Scrapping the tax on tampons and sanitary pads is in the coalition’s sights after Treasurer Scott Morrison pledged to exempt the items from the GST.
Mr Morrison will seek to move female sanitary items to the essential health category exempted from the GST at his next meeting with state treasurers.
“There’s no great gender conspiracy here or any of that nonsense,” Mr Morrison said in a Facebook post on Saturday.
“It’s just a tax anomaly that we have already tried to fix once, and will now give it another try.”
“I can see it is a source of frustration and angst,” Mr Morrison said.
The move comes after years of lobbying for change from advocates who point to the unfairness in items like condoms and lubricants already being exempt.
“Huge community pressure has tipped the scales in our favour,” Greens senator Janet Rice tweeted.
But the exemption requires the sign-off of states and territories to come into effect.
A 2015 push to axe the tax by then-treasurer Joe Hockey was knocked back by state treasurers reluctant to sacrifice the $30 million in revenue it produced.
Mr Morrison said the the 10 per cent tax should never have been levied at tampons and sanitary pads in the first place.
“Slogans and manifestos should be left at the door as we get together, and we seek to agree on this,” he said.
His decision comes three months after the opposition made a similar pledge.
Minister for Women Kelly O’Dwyer called for the states and territories to get onboard, telling reporters in Melbourne on Saturday that “millions of Australian women will benefit”.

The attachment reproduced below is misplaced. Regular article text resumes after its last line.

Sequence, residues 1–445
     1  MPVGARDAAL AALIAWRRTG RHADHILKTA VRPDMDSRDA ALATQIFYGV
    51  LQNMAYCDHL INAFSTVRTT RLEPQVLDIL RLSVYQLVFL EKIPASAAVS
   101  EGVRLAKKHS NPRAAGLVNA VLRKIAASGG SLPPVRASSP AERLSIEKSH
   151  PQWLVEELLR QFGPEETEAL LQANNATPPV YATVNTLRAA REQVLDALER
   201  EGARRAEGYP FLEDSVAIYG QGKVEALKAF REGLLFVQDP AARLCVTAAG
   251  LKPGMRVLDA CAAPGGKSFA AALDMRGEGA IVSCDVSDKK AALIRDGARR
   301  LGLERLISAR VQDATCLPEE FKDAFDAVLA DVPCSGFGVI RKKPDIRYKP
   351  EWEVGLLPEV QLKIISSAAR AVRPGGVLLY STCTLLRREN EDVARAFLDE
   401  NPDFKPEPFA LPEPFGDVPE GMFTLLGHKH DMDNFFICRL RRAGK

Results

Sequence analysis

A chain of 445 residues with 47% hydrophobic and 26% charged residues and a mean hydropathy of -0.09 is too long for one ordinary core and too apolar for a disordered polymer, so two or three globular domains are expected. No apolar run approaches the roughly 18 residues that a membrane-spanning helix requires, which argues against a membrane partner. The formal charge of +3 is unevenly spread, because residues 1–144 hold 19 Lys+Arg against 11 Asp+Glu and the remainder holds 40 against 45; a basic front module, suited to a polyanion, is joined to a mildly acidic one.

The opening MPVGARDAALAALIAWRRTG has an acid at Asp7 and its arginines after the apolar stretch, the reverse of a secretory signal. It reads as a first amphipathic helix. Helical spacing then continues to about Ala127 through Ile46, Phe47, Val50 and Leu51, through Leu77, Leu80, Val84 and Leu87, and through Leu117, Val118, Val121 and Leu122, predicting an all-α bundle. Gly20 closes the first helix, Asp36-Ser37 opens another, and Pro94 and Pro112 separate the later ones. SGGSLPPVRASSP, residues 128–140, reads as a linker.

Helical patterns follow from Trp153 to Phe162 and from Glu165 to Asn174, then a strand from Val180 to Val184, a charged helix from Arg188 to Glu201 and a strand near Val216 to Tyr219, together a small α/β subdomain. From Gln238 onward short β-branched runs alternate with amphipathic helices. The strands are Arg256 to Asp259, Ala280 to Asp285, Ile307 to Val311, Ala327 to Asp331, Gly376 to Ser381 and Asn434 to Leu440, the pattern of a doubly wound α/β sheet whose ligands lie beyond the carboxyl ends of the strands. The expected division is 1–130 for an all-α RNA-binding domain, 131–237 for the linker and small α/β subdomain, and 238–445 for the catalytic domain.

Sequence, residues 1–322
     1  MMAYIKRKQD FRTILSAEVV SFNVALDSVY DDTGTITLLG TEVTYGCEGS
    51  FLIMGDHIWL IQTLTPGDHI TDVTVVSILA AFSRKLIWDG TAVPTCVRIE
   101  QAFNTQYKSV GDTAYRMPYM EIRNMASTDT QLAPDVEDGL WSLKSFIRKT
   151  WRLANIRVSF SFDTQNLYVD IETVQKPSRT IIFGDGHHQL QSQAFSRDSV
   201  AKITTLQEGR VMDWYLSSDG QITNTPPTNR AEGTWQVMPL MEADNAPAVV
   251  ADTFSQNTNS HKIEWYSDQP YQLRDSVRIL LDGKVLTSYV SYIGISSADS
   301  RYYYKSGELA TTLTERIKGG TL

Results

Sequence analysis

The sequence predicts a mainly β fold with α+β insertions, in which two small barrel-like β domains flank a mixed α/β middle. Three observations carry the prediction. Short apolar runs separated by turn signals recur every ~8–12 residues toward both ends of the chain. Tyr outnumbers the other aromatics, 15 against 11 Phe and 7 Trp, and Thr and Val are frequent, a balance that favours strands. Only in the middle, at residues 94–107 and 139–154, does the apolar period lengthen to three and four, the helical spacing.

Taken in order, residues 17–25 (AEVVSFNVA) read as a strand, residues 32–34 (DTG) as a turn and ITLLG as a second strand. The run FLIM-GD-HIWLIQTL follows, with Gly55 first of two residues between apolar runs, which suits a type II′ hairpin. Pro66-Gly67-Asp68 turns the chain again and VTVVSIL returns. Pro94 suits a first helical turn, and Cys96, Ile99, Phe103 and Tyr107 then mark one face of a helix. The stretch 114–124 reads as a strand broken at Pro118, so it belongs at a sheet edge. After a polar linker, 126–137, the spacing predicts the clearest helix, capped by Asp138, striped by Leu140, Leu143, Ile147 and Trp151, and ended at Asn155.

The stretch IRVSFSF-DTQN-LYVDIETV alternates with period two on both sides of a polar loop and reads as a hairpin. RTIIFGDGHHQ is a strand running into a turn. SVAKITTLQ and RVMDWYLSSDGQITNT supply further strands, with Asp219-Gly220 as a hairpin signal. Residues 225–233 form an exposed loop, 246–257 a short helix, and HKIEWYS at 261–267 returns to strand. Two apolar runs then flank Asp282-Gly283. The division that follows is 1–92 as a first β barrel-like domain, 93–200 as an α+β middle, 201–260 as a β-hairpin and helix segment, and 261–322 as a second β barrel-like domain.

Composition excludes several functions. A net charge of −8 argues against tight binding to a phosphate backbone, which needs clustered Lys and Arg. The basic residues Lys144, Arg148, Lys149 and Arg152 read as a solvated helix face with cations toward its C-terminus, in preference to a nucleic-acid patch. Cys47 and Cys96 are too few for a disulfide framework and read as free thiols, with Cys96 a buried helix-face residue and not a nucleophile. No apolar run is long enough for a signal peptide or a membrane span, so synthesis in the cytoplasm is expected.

“It will mean a little bit of extra money in their pocket but ultimately it’s the right and fair thing to do.”
In April, Deputy Leader of the Opposition Tanya Plibersek said,”This is effectively a tax on women”.
At the time, Mr Morrison described Labor’s announcement as “cynical exercises.”
Queensland deputy premier Jackie Trad said it’s a good day to be woman.
“I wrote to Scott Morrison quite some time ago to say that Queensland was 100 per cent supportive of removing the GST on women’s sanitary products,” she told ABC News in Brisbane on Saturday.
“This is something women have no control over, it is something that is absolutely necessary in their lives and it shouldn’t be taxed.”
“The irony that shaving cream is GST exempt, lube is GST exempt but sanitary products aren’t. This reform is long overdue,” she added.
States concerned about lost revenue
While welcoming the government’s move, Labor warned it risked failure if there was no plan to replace the lost revenue in order to win over the states.
State and territory Labor leaders have signed up to the opposition’s plan, seeking to offset lost revenue by applying the GST to 12 natural therapies.
But the government claims the states will receive an extra $6.5 billion in revenue as a result of changes already made to the GST.
“So agreeing to this modest change is achievable from a financial point of view,” Mr Morrison said.